Vincent R. Johnson and Stephen C. Loomis' recent article, "The rule of law in China and the prosecution of Li Zhuang," published in The Chinese Journal of Comparative Law (2013), cites current and former USALI research fellows Margaret K. Lewis, Ling Li, and Elizabeth Lynch's research on corruption and criminal justice issues in China.
On Thursday, May 9th, 2013, USALI Executive Director Ira Belkin and Affiliated Fellow Maggie Lewis presented their views on Reeducation Through Labor (RETL) at the Congressional-Executive Commission on China's (CECC) Roundtable, "The End of Reeducation Through Labor? Recent Developments and the Prospects for Reform."
This article was originally published in China Law & Policy by USALI former fellow Elizabeth Lynch on August 4, 2013 under the title, “An Uncomfortable Truth: Use of Criminal Law in China's Economic Development."
Food safety inspectors reviewing a restaurant in China
Over at the Council on Foreign Relation’s China blog, Prof. Margaret K. Lewis of Seton Hall’s School of Law has written an interesting and timely piece about the role that criminal law plays in advancing China’s economic “miracle.”
As Lewis notes, and following up on recent articles in the New York Times (see here, here and here), China’s civil legal system and its regulatory state largely failed in dealing with some of China’s new economic problems – namely food safety, financial markets and environmental degradation.
But as Lewis goes on to highlight, this failure of the civil and regulatory systems does not mean that the Chinese government has not tried to stem these problems. In fact, as Lewis observes, it has, through the use of the criminal law. Recently, the Chinese government has stepped up the threat of severe criminal sanctions, including the death penalty, in an attempt to try to police this situation.
Lewis’ blog post is based upon her new research regarding how, since Deng Xiaoping’s 1978 “Reform and Opening” policy, the Chinese government has used the criminal law to propel its economic development. See Margaret K. Lewis, Criminal Law’s Contribution to China’s Economic Development (August 1, 2013). Available at SSRN: http://ssrn.com/abstract=2298923.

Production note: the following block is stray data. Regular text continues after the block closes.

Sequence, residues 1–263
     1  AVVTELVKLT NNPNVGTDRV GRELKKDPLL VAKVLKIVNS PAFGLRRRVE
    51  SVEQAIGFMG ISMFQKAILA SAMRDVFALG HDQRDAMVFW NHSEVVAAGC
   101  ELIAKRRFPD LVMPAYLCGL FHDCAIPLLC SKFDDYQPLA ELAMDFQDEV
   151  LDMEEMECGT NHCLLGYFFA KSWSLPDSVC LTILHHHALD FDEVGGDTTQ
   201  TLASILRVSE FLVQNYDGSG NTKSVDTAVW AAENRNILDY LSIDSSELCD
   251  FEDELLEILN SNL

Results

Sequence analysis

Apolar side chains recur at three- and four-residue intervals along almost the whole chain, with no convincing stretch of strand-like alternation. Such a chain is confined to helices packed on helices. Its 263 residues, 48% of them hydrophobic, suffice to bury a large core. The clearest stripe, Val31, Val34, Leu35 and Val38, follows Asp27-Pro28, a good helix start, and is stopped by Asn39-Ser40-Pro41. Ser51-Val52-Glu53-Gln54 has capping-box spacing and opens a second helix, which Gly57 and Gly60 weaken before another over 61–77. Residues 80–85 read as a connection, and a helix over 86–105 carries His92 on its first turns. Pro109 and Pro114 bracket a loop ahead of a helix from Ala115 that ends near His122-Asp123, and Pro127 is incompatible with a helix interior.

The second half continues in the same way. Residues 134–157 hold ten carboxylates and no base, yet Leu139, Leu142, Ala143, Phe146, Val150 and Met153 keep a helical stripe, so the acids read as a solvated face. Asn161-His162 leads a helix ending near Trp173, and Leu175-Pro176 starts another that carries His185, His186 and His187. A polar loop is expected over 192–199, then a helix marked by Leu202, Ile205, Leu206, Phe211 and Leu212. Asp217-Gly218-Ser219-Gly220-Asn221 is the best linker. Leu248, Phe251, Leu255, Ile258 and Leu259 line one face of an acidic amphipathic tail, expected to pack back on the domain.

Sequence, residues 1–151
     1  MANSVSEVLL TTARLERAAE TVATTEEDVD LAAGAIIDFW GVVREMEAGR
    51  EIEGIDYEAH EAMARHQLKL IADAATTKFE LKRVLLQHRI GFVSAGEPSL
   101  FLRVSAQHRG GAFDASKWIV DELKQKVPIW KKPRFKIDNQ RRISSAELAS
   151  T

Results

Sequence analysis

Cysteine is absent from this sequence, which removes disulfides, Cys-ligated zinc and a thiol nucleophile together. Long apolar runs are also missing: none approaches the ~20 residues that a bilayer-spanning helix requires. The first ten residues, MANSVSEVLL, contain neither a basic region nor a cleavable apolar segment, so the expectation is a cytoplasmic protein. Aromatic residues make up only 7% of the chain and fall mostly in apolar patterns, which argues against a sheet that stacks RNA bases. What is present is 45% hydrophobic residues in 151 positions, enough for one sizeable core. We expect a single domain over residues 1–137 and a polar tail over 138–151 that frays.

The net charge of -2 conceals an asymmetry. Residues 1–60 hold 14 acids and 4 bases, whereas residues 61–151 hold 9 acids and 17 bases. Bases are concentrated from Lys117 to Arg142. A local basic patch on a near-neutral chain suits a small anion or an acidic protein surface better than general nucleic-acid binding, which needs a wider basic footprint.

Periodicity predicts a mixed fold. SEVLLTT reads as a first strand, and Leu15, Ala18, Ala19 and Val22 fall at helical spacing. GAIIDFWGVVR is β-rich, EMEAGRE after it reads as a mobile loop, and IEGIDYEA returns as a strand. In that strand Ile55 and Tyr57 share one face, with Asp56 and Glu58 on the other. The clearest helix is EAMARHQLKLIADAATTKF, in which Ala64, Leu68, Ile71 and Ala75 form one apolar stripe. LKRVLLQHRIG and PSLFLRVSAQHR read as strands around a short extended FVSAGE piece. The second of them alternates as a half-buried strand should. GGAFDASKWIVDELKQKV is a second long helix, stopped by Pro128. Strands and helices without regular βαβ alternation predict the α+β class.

In fact, one of Deng’s first actions after assuming leadership was to publicly prosecute the Gang of Four, signaling the changing of the guard from political extremism to a focus on economic growth. From there, Lewis recounts the formation of many of the laws that would underpin Deng’s policy of economic growth, showing that the intention of many criminal laws was to find the “growth-enhancing sweet spot.” It’s no wonder that today in China, economic criminal liability is much broader than in most other developed countries including the United States.
Lewis’ well-researched analysis makes a strong argument for her point: that you cannot analyze China’s economic growth without looking at how it has used the criminal law to assist in that growth. But even still, it leaves you uncomfortable – there is something about the use of criminal law to propel growth that seems at odds with its purpose. This Lewis notes is likely more the result of how the West has come to define patterns of economic growth. To achieve a sustainable market economy, the government sets in place a regulatory state with certain ground rules and then lets the actors – usually companies and individuals – duke it out within the confines of an independent legal system.
But that is not what is going on here in China and it’s this bucking of the traditional historical trajectory of growth that forces scholars to look elsewhere for its explanation. In China’s case, that elsewhere might be the criminal law.
“Criminal Law’s Contribution to China’s Economic Development” is a must read for anyone who wants to understand the relationship between law and economic growth in an authoritarian state. But it also raises many questions – is this use of the criminal law sustainable? Can China solve its regulatory failure problems through state-dominated use of the criminal law? Lewis examines a few problems with its usage, especially in attempting to deter official corruption where the Chinese Communist Party is too hesitant to prosecute its own. She also explores the use of economic criminal liability to suppress dissent that officials determine is too “destabilizing” to development.
From Lewis’ review of recent criminal legislation, interpretations and call for greater criminal liability, it becomes obvious that she is right – the Chinese government is attempting to use criminal law to support its market reforms. But in a country of 1.3 billion with a land mass close to the size of the United States, how sustainable is this approach? That is a question that we hope Prof. Lewis answers in her next article.